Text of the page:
Do's and Don'ts of raising capital
Being that it is the New Year and all, I’m going to try to spend a bit of time this week sharing some insights into the world of VCs and capital providers.
During a meeting of the Globe and Mail’s Small Business Advisory Panel last week, it dawned on me that many entrepreneurs may not know the basic do’s and don’ts of raising capital. Here are a few highlights from the perspective of people who cut cheques:
1. When you ask to meet with an prospective investor, have a defined amount or money in mind, or at least a range, and know what the use of proceeds will be.
2. Prepare an overview, and there’s nothing wrong with PowerPoint. The pitch can be 15-25 slides long. No one needs a 50 page deck for the first meeting; there’s no way you’ll get through it all during the first session in any event (see below).
3. Ask for 60 minutes, and no more. That should be all that you need for the 1st meeting.
4. Show up on time.
5. If you are bringing your own laptop, make sure you know what you plan to do with it during the meeting: run the show on a wall, link in to an overhead projector, etc.
6. If you feel you need a non-disclosure agreement executed prior to the meeting, don’t be surprised that the prospective investor might want you to sign their own – rather than yours. If you see 100 or more companies a year, you can imagine how hard it would be for the investor to execute 100 different NDAs.
7. Review the website of the investor prior to the meeting. If you don’t know what type of firm it is (equity vs. debt vs. LSIF vs. agent vs. principal), you might be wasting your time – and theirs.
8. If you are going to engage an agent, make sure you know what role you want them to play. Some deals benefit from an outside advisor, and some may not. As much as VCs don’t like to think that entrepreneurs feel the need to spend part of the raise on fees, one wouldn’t do a deal with lawyers or accountants. But if you get an agent involved (and sometimes that agent/advisor can also be a lawyer or an accountant if they have the specific expertise), use them for the hard stuff, like telling you what is practical on the key negotiating items, what’s “market”, and so forth.
9. If you get a term sheet and are trying to compare one investor’s proposal to another, make sure you ask about prior deal references. The price/terms of a deal are only part of the decision-making process, or at least they shouldn’t be the sole criteria. Ask to speak to a couple of prior investee companies, and ask how many deals have closed in the past year or two. Do at least some due diligence on the group you are talking to, as not all teams/funds are the same – by a long shot.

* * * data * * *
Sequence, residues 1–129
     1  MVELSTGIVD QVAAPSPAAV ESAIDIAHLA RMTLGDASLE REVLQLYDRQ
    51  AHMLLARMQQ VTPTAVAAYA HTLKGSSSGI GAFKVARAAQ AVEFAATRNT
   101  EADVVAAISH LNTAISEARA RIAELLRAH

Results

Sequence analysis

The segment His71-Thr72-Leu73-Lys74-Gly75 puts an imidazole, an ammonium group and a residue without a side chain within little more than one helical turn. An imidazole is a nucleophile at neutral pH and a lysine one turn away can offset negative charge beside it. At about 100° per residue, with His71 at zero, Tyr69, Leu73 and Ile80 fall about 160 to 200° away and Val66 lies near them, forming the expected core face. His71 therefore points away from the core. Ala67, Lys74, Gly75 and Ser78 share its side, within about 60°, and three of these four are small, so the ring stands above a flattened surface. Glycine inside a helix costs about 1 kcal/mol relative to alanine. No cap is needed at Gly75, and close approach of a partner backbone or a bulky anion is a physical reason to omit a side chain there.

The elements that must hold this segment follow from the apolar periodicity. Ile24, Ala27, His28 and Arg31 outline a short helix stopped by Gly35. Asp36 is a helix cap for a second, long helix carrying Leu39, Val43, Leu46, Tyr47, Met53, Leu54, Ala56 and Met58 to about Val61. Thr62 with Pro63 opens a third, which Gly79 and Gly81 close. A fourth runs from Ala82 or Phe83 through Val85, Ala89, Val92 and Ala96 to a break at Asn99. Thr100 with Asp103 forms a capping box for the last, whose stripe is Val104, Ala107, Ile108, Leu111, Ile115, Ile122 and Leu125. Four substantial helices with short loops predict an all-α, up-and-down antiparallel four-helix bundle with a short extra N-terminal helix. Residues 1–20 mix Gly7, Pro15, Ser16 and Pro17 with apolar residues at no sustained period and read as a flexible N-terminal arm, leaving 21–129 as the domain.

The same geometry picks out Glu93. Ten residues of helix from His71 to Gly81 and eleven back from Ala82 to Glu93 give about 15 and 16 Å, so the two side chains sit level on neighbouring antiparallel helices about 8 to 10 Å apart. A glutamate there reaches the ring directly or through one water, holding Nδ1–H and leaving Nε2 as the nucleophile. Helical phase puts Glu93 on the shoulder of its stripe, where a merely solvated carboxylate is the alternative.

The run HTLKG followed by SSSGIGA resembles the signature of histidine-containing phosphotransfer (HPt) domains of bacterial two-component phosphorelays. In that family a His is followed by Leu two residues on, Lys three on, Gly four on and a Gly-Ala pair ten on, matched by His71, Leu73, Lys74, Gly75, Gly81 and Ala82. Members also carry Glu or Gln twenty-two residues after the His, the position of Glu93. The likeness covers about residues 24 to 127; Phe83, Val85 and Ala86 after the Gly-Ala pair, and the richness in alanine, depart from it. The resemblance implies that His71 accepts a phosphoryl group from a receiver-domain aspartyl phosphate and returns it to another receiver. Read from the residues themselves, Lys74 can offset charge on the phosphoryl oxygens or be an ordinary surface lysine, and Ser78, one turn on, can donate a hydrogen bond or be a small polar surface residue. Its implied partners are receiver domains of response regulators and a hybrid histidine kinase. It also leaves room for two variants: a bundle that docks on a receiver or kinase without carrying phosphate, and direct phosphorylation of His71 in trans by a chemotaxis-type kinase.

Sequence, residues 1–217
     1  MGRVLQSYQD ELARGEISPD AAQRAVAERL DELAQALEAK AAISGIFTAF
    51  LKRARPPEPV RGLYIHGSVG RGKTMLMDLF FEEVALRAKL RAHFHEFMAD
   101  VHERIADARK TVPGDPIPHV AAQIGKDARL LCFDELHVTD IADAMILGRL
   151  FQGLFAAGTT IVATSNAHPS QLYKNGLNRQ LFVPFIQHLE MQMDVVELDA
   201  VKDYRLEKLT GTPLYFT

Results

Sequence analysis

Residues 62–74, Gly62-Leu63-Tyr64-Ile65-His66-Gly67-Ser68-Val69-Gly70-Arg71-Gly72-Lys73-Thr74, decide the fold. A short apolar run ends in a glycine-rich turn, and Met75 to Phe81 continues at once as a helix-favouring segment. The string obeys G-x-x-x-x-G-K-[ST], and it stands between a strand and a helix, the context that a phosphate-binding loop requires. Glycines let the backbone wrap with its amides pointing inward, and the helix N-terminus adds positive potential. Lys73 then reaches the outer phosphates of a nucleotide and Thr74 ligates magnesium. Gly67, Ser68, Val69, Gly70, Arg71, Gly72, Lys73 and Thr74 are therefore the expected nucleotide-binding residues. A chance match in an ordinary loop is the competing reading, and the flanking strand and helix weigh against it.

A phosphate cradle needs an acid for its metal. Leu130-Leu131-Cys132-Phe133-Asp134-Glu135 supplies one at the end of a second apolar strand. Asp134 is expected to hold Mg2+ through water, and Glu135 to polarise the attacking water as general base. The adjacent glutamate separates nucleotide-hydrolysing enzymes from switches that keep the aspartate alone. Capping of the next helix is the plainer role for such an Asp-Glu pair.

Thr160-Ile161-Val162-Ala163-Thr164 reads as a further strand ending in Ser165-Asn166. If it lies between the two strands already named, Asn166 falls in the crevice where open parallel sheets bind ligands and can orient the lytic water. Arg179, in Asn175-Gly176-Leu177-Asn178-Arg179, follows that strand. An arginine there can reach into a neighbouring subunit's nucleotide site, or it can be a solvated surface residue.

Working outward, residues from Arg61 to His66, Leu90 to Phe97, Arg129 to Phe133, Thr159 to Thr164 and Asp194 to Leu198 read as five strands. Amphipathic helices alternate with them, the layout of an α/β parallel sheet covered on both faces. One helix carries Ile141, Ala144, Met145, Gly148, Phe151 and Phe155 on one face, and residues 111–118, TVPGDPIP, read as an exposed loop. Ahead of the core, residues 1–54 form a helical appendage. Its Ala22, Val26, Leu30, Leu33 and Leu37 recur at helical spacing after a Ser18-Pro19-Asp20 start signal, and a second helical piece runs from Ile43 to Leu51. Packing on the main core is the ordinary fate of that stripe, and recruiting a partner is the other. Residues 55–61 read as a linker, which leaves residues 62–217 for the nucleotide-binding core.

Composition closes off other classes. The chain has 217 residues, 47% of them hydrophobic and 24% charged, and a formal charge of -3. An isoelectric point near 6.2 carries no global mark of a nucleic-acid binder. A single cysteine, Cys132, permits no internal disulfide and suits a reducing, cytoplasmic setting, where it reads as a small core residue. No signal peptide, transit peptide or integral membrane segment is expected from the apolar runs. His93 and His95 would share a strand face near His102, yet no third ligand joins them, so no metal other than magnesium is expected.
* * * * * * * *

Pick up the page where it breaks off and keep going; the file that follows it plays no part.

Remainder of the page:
1. Don’t send a 10 page NDA to a firm. This is the deal: we investors promise to not steal your idea or tell a competitor about it. We promise to keep your private data private. We promise not to poach staff we meet during the process. That shouldn’t take 10 pages to document.
2. Don’t ask for a meeting, pitch your story, and show a forecast that “isn’t board approved”. If you aren’t yet ready to raise capital, why ask for the meeting?
3. Don’t go into a pitch without knowing “where your existing investors live”. That’s code for: know whether or not the current investors will play on the upcoming round or not.
4. Don’t send a PDF of your financial model. It’ll only make the investor wonder why you don’t want to share the working excel version.
5. If you are raising anything post an Angel round, don’t ask for a meeting if you don’t have a financial model ready. Having a pitch meeting and then sending a model a couple of weeks later ensures that 1) the iron may now no longer be hot, 2) the VC might have come to an uneducated, yet quick, no, or 3) you’ll seem disorganized, which may be normal for early stage companies but not a confidence-builder.
6. Don’t compare yourself to Google, as in: “What we’re doing is more robust than Google”, “What we’re doing is harder than Google”, or “We are going to be the next Google”.
7. Don’t bring five or six company people to the first meeting. There are rarely enough chairs anyway, and don’t some of these people have jobs that don’t involve raising capital?
8. Don’t say you’ll send follow-up material “in a couple of days”, and then go silent for several weeks. If you ask for a meeting to raise capital, and the prospective investor is interested, be conscious that they see 500 or more ideas a year and can’t possibly waste five minutes let alone a couple of hours.
9. When you do send forecasts, don’t send a budget that shows revenue going from, say, $1 million this year to $100 million in three years’ time. People will think – fair or not – that you’ve lost your mind.
10. When talking future valuation, don’t use numbers that involve “billions”. As in, “We’ll be worth north of a billion by 2012”. People will think – fair or not – that you’re on crack.
11. Don’t be offended if the investor turns you down, as long as they are polite about it.
These are just a few of the things that come to mind. And yes, they are all from real, live situations. Since we’re in the business “of saying yes” to entrepreneurs about their prospective deals, these simple points should help people stay clear of some avoidable pitfalls.
This is great advice. You’ve covered the most of the major mistakes that entrepreneurs make when raising capital. The need to do a ‘reality’ check I agree with 100%.
I would add this in the ‘DO’ list:
Explain who your customers are, why they would buy your product/service, how big the market is and how you’d get into the market.
I see too entrepreneurs who don’t do this. Investors really want to know about the market. After all they only get a return when people buy.